23 March 2010For twenty Penn State science students and three faculty members, the break between fall and spring semesters included sixteen days of humid weather, many different climates, and exotic wildlife. These science majors and faculty members stepped out of their typical classroom laboratories and flew to Costa Rica from December 27, 2009 to January 10, 2010 as part of Biology 499A, Tropical Field Ecology. It is an embedded course that includes sixteen intense days of experiments and studying in different climates of Costa Rica.
Discovery of Earliest Known Black Holes
17 March 2010Astronomers have discovered what appear to be two of the earliest and most primitive supermassive black holes known. The discovery, based on observations with the NASA's Spitzer Space Telescope and other space observatories, will be published in the 18 March 2010 edition of the scientific journal Nature.
Musk Ox Population Decline Due to Climate, Not Humans, Study Finds
08 March 2010A team of scientists has discovered that the drastic decline in Arctic musk ox populations that began roughly 12,000 years ago was due to a warming climate rather than to human hunting. "This is the first study to use ancient musk ox DNA collected from across the animal's former geographic range to test for human impacts on musk ox populations," said Beth Shapiro, the Shaffer Career Development assistant professor of biology at Penn State University and one of the team's leaders. "We found that, although human and musk ox populations overlapped in many regions across the globe, humans probably were not responsible for the decline and eventual extinction of musk oxen across much of their former range." The team's findings will be published in the 8 March 2010 issue of the journal Proceedings of the National Academy of Sciences.
Ancient DNA from Rare Fossil Reveals that Polar Bears Evolved Recently and Adapted Quickly
01 March 2010A rare, ancient polar bear fossil discovered in Norway in 2004 is yielding a treasure trove of essential information about the age and evolutionary origins of the species whose future is now seen as synonymous with the devastation wrought by climate change. A paper published in the current issue of the Proceedings of the National Academy of Sciences by researchers at Penn State University, the University at Buffalo, the University of Oslo, and other institutions is filling in key pieces of the evolutionary history of polar bears and brown bears, including their response to past climate changes.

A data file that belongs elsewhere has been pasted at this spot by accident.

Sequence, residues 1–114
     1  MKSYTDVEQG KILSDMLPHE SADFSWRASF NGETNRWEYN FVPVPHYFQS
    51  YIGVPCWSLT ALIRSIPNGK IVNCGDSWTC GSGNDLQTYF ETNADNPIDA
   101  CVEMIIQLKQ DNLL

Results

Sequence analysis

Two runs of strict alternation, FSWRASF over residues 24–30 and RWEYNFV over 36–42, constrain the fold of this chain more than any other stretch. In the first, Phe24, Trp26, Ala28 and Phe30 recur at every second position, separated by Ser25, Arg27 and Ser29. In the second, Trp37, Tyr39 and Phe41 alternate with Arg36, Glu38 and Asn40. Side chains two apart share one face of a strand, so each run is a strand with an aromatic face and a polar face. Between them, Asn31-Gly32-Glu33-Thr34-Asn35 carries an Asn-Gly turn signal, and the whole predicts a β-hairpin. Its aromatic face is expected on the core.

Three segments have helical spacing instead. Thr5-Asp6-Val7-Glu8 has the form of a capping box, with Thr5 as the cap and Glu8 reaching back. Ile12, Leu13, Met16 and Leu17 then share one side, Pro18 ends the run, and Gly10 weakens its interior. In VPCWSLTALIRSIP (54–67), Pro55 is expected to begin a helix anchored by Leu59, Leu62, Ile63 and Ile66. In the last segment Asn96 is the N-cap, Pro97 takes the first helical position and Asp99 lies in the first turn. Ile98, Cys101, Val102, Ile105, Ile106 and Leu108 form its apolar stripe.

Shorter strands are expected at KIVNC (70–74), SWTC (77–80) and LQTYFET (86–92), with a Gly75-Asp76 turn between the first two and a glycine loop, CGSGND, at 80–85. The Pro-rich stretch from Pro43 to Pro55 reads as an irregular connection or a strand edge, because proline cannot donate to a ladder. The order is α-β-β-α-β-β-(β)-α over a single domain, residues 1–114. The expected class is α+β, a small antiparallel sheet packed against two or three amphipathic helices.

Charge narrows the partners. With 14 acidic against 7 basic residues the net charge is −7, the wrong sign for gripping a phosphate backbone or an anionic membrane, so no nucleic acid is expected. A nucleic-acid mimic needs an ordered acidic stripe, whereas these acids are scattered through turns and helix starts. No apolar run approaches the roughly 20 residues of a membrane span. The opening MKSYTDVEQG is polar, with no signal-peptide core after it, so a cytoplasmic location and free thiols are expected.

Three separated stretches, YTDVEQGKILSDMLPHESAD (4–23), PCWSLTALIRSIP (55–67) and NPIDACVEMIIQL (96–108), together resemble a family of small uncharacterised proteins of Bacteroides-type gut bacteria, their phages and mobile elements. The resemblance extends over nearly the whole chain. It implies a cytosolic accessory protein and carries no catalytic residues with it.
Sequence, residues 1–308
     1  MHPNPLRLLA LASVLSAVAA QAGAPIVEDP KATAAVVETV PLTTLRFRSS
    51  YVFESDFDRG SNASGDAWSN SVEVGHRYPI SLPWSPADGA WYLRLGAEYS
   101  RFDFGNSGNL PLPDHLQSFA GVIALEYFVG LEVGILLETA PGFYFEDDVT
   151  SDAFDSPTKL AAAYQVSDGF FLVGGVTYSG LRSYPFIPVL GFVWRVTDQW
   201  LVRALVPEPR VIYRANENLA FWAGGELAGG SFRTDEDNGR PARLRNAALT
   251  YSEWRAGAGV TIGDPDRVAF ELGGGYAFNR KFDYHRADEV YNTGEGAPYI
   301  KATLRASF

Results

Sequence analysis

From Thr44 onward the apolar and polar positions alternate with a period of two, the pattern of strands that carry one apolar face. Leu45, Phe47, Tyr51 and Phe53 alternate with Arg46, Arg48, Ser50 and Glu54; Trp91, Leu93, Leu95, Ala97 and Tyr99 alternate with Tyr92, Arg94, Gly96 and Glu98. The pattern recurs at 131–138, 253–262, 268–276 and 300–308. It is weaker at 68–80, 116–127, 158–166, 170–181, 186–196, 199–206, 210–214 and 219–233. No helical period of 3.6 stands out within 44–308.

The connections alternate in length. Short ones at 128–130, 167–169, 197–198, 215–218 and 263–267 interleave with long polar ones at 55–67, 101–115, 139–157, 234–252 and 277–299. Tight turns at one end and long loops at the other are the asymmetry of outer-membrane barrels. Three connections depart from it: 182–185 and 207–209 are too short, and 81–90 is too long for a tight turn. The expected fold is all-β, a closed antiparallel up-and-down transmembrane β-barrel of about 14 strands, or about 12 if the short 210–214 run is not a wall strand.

THON: An Amazing and Inspiring Experience
26 February 2010Since 1977, Penn State students have participated in THON to raise money for The Four Diamonds Fund and raise awareness of pediatric cancer. Over those 30+ years, many Eberly College of Science students have been fund raisers, dancers, moralers, and spectators. Read about THON experiences from science alumni and current students.
Video Interviews: THON 2010 Dancers
26 February 2010Four dancers from two Eberly College of Science student organizations danced in the 46-hour no-sitting, no-sleeping dance marathon to raise funds and awareness for pediatric cancer. Watch Stephanie Huff, Michele Sassano, Andrew Shoemaker, and Sasha Slipak talk about their THON experiences.
Scientists Develop New Method for Tracking Seed Dispersal and Establishment
26 February 2010A Penn State biologist and his collaborators have developed a new method for tracking seed movement and germination. According to Tomas Carlo, assistant professor of biology at Penn State and the leader of the study, the technique will be useful for studying plant dispersal and how plants adjust to global climate change. The technique also will enable scientists to gather biological information about invasive plants that is critical to controlling their spread.
Astronomers Discover Ancient Galaxies Coming Together after Billions of Years
23 February 2010A team of astronomers using NASA's Hubble Space Telescope and other space instruments has discovered that a collection of small, ancient galaxies, called the Hickson Compact Group 31 (HCG 31), finally is coming together into one larger galaxy after 10 billion years. The images the team recorded offer a window into the universe's early years, when the buildup of large galaxies from smaller building blocks was common.
Contest Winner Happy About Win, Student Involvement
22 February 2010As Penn State freshmen arrive to campus in late August, many begin their college journey by making new friends from all areas of the globe, following maps to classes, piling up trays with unlimited food at the dining halls, adjusting to dorm life, and taking their first spoonful of Creamery ice cream. But one freshman mechanical engineering major started her Penn State experience just a little differently. Siri Maley of Exton, Pennsylvania, won the Eberly College of Science NameMe contest to rename the east wing of Ritenour, an 88-year-old campus building.
Lessons from the Past: Research Reveals Ancient Civilization's Water-Supply Secrets" is a Free Public Event on 27 February
19 February 2010A free public event, titled "Lessons from the Past: Research Reveals Ancient Civilization's Water-Supply Secrets," will feature Kirk French, a lecturer in the Department of Anthropology at Penn State, on 27 February 2010 in room 100 Thomas Building on the Penn State University Park campus. The presentation is the last of six events in the 2010 Penn State Lectures on the Frontiers of Science, a free minicourse for the general public with the theme "Water: The Next Frontier." No registration is required. The minicourse takes place on six consecutive Saturday mornings from 11:00 a.m. to about 12:30 p.m. in Thomas Building.